Liz Claiborne Art Ortenberg Foundation

On Saturday January 25th, Hery Rajaonarimampianina was sworn in as President of Madagascar, the first democratically elected President since the government was overturned in 2009.  Turnout was low in the run-off round of balloting in December, the electorate was deeply split, and charges of voter fraud flew thick and fast.  Although the losing candidate subsequently accepted the outcome in an encouraging sign of reconciliation, the new President’s mandate is still fragile, and the task of reconstructing the state, restoring the economy, and breathing new life into civil society is huge.  Yet there was a flicker of hope in Madagascar on Saturday evening that, just possibly, this day marked the new start so desperately sought and needed by the island’s beleaguered people, forests and wildlife.  

Madagascar is at once a place with a breathtaking array of plants and animals found nowhere else in the world and a place where many animals aren’t, and never have been as far as we know.   Bewitching and enigmatic, it is a magnet for metaphor, from “floating laboratory” to Alison Jolly’s encapsulation: “a place where time has broken its banks and flowed to the present by a different channel”.

What difference might Saturday’s events make to the island’s forests and wildlife?  “Too soon to tell”, and “not much in the short term” are the honest answers.  Yet there are grounds for optimism.  Amidst the turmoil of recent years, the grand goal of protecting 10% of the island’s natural habitats launched by President Ravalomanana in 2003, has never been abandoned or repudiated in principle, even though in practice more has been lost than gained since then; while many institutions have faltered, Madagascar National Parks has gathered strength and effectiveness, and a rising generation of Malagasy conservationists reinforces older leaders, bringing new energy, commitment and expertise.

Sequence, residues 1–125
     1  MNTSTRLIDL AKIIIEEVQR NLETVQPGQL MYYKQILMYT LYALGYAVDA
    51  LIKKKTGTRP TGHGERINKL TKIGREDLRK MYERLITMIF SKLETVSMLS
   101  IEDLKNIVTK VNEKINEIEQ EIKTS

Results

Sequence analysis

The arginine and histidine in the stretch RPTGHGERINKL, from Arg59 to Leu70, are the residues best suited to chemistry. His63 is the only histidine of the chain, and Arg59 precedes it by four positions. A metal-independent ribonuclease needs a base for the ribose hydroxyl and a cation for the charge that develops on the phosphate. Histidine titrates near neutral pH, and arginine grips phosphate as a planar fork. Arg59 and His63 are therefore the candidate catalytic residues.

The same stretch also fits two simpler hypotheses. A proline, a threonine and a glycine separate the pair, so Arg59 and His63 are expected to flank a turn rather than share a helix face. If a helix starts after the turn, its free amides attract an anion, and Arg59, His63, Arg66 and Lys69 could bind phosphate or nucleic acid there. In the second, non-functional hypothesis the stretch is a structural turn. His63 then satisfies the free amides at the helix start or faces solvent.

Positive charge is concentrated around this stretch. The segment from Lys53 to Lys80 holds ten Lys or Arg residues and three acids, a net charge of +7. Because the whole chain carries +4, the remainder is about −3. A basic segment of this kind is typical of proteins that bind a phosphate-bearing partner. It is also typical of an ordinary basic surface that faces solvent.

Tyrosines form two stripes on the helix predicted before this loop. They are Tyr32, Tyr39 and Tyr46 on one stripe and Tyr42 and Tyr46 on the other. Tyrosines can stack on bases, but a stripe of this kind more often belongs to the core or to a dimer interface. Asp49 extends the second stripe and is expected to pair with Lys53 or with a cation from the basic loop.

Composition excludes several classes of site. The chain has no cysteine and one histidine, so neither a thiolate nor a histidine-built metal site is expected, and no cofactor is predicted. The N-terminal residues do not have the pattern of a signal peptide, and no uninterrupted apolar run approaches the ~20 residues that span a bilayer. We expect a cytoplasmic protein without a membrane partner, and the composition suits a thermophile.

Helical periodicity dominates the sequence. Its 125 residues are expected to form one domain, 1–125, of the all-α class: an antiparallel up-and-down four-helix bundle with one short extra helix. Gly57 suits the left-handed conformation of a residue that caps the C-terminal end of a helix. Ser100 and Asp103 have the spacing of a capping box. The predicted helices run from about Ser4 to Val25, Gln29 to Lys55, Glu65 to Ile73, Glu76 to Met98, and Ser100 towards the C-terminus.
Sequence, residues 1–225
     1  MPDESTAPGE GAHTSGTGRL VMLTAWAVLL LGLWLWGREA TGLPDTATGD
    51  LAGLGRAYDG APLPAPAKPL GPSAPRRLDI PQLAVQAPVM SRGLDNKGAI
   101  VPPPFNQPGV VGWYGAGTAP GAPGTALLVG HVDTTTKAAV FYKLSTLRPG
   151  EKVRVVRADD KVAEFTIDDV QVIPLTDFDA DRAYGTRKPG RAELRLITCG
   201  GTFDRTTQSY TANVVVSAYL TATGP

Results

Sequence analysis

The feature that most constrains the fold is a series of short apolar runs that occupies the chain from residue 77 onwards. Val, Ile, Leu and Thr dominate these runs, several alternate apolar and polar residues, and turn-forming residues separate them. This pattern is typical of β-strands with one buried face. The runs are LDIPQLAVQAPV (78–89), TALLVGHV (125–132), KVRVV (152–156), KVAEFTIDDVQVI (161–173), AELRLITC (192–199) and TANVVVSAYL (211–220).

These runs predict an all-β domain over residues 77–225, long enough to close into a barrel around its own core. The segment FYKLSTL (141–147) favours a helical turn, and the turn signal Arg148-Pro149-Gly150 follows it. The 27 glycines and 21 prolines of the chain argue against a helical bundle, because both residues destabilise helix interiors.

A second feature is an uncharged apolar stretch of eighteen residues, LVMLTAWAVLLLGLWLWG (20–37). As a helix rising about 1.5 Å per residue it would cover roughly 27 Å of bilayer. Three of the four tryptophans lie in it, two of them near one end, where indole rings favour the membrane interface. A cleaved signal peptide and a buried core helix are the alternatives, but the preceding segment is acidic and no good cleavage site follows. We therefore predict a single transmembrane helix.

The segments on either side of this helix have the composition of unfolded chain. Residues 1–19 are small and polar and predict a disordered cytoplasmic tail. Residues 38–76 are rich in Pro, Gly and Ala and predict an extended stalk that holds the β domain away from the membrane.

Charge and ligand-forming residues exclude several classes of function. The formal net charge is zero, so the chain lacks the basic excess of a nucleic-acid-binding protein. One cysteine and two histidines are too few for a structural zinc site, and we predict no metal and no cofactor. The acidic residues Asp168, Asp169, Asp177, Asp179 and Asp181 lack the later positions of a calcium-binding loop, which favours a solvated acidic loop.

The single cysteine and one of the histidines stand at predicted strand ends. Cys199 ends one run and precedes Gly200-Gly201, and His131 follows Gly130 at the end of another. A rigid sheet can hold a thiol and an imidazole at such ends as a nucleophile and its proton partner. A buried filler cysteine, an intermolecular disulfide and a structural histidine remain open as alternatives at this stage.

Equally important, Madagascar has proved exceptionally fertile ground for community-based approaches to conservation long nurtured and supported by LCAOF here and elsewhere.   In the absence of strong, stable government at the national level, the direct involvement of communities in protecting their environment has been key to “holding the line” in many parts of the island.

There are several reasons for the particular effectiveness of community-based conservation in Madagascar.  First, from the mid-90s, successive governments developed governance arrangements to share and devolve environmental management to local communities.  Second, Madagascar’s communities are without the deep fissures of ethnicity or religion afflicting communities in so many places in the world, though of course they have their share of local frictions and conflicts like small communities everywhere.  Third, being an island is a shield against the destabilizing effects of refugees fleeing across borders to escape violence in their own countries.  Last but not least, and particularly in southern and western regions of the island, relatively small areas of forest support rich arrays of wildlife:  the scales of natural communities and human communities are unusually well matched.

All these advantages are evident at the Bezà Mahafaly Special Reserve in the southwest, where a strong partnership has evolved between the community, Madagascar National Parks and the School of Agronomy at the University of Antananarivo.  Supported by LCAOF since 1993, the partnership is based on a combination of traditional agreements and governance arrangements developed and recognized nationally.  Now, at the height of the wet season, the forest is green and a very busy place, with tortoises trudging determinedly through the undergrowth, restless sifaka on the prowl in search of mates during the short breeding season, giant Coua strutting their stuff on the forest floor...  The monitoring team recruited from villages around the Reserve has been tracking these and other wildlife populations since 1995.  Populations within the Reserve are broadly stable or growing, and many species are present in high numbers.  Unprotected forests around the Reserve have fared much less well, and it is encouraging indeed that villages adjacent to them are starting to enlist the advice and help of the Bezà team to change that.  

Are efforts like these at Bezà Mahafaly and other sites around the island too small to matter?  No.  Effective national leadership is sorely needed over the long haul, to be sure, but small-scale, community-based approaches are working in Madagascar.  For now, they are a mainstay of conservation here – and more urgent and important than ever.

written by Alison Richard